Growing up in the Dominican Republic, Yeison de los Santos easily could have wandered off the right path.
“There were many chances for me to go the wrong way,” he recalls. He credits his study of tae kwon do with keeping him headed in the right direction. “That saved me.”
Immigrating to the United States at age 20, he spent his first four years practicing the martial art in his uncle’s backyard; he couldn’t afford the pricey lessons. “It broke my heart,” he says.
Now 38 and a Morristown police officer, the fifth-degree black belt works to prevent such heartaches among local youngsters. Known to the kids as “Mr. Jason,” he runs the youth program at the Morristown Tae Kwon Do Club, giving children and teens the chance to learn the sport and tae kwon do’s life lessons at an affordable price.
On Saturday, more than 50 youngsters and a few adults participated in a club competition at the Episcopal Church of the Redeemer. The night before, Jason and some of his students polished the parish house floor as their way of giving back to the Morristown church that periodically hosts them.
In 10 years, youth participation in the club has grown from 10 children to 108. A total of 240 have participated over the decade, Jason says, with youngsters starting as young as 4 or occasionally 3. A 5-year-old recently tested for his red belt, one level below black belt, and broke an adult board — thicker than what youngsters usually tackle. “He broke it no problem, better than any adult.”
While the kids learn kicking and punching, however, Jason sees larger goals. “My goal is to find the best way in life: being flexible and adaptable,” he says.
“Tae kwon do is ‘the way of kicking and punching.’ … Through the kicking and punching, you’re going to find your way. I’m an example of that. It goes from physical to mental to a highest level, which is spiritual. Not many people get there. I wish someday I could be there.”
Children of varied races and ethnicities attend, but the majority of the students are Hispanic. Most students come from the Morristown area, but others hail from Dover, Parsippany and Paterson.
“Some of them are ‘at risk,'” Jason says. “My philosophy is, it takes 20 kids to save one person. It takes a community to save one person. … Respect’s number one in our class: Respecting little things, big things, stronger, weaker, everybody and everything, and mainly respecting and valuing life.”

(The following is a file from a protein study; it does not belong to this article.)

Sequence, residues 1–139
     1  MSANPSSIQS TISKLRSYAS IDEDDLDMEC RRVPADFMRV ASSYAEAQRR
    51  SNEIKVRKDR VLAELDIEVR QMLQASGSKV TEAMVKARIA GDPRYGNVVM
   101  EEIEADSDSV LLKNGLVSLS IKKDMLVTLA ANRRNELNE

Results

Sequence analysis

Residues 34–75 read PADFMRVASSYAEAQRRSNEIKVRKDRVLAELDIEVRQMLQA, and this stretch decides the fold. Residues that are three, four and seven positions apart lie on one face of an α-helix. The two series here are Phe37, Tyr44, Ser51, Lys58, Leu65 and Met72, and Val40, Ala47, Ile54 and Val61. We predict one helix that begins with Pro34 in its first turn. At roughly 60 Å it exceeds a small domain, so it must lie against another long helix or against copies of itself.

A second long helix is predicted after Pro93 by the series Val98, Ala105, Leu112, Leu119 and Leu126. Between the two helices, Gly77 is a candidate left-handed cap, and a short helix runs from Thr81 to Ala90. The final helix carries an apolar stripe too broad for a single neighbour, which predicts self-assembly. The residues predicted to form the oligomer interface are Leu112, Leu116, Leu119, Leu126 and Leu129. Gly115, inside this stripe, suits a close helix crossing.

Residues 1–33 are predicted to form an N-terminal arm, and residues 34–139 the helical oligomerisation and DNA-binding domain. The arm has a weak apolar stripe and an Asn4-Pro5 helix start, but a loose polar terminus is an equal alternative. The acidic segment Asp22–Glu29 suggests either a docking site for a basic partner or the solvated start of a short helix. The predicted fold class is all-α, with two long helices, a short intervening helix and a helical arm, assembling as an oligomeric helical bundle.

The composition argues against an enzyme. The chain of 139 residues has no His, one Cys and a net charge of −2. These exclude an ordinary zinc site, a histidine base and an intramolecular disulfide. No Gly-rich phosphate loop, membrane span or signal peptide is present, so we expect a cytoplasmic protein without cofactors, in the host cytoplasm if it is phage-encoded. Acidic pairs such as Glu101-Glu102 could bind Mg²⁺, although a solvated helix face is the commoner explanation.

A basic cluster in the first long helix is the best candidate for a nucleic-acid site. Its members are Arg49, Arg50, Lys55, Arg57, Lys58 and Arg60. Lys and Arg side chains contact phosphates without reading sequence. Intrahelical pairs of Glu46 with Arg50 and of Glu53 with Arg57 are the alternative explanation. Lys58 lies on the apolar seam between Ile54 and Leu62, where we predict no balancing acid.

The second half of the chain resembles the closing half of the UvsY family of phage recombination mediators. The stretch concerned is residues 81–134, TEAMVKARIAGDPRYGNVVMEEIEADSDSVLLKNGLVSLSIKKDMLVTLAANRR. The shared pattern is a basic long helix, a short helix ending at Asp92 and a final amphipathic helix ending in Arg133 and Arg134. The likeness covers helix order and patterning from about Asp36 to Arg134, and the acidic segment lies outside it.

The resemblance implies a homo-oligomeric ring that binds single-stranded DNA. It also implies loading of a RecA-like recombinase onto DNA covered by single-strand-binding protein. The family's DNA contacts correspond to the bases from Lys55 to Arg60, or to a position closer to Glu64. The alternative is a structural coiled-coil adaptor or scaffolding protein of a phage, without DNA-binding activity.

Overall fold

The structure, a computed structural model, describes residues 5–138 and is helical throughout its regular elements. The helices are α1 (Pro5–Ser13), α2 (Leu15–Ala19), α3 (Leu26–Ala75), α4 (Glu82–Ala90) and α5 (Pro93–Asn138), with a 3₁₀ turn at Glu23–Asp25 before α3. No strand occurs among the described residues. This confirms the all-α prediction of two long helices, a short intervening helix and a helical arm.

“Some of the kids here … if they didn’t have tae kwon do in their lives, they would be in trouble,” he says.
The youngsters bring in their report cards and tests, earning special patches for academic achievement, says the club’s director, Robin Robertson, known to the kids as “Ma’am.” Teens earning A’s and B’s merit special uniforms as members of the “Red and Black Club.”
“It makes me feel that I put a lot of effort in the jobs I’m doing to get those patches,” says one green-belted girl.
Those earning black belts do more then learn the right moves. They perform community service, write a personal essay, do a research project, get recommendations, clean the school and pay for the belts themselves, Robin says.
As they advance, students also take responsibility in the classroom. “Part of the training is to help other kids,” she says. “We believe you learn by teaching.”
“My son’s gotten up and taught a class,” says Megan Buell of Morristown, whose 7-year-old, Jack, has studied tae kwon do for almost three years. “We love it, ’cause it’s just so much more besides tae kwon do.”
“It’s a family,” she says.”Everybody helps out. They support each other.”
Jason treats the students as individuals, she adds. “He doesn’t just treat them like kids. … I’ve seen children learn faster than anywhere else. It’s not threatening or intimidating.”
Black belt Jean Carlo Pineda, 16, the DJ for Saturday’s competition, started studying tae kwon do 11 years ago. “I fell in love with it the minute I started,” he recalls.
The lessons have paid off outside the club, he says. “You learn respect to others and yourself. You learn how to avoid problems in the streets, whether they’re physical problems like fights or verbal problems. I feel like, if it wasn’t for tae kwon do, I wouldn’t be where I am today. I probably wouldn’t have avoided as many problems as I’ve avoided and probably would be in the streets right now.”
The Morristown High School junior says he hopes to study criminal justice at college and become a police officer. Jason, he says, has “influenced me without even trying. He’s always been a father role model to me.”
Tae kwon do is “a lot of fun,” reflects a younger girl. “It’s not like, say, soccer — you do a couple of games, and they give you four trophies. [Here], you have to earn it to get it. You do more, you get more.”
One of the club’s special success stories is 12-year-old Ryan May, an autistic student who has studied tae kwon do for six years.
“It’s just had a dramatic impact on his listening skills, his sense of balance and his sense of acceptance with all these typically developing kids — and their parents,” says his father, Dave. “When he got his purple belt, half the parents were crying, too. The other kids take care of him.”
“What Jason has done, and Ma’am as well, they’ve fostered a sense of community,” says Lance Davis, whose 7-year-old son Lance has studied for four years.
“I don’t do this for the money,” Jason says. “I love the kids. … God put tae kwon do in my life for a reason.”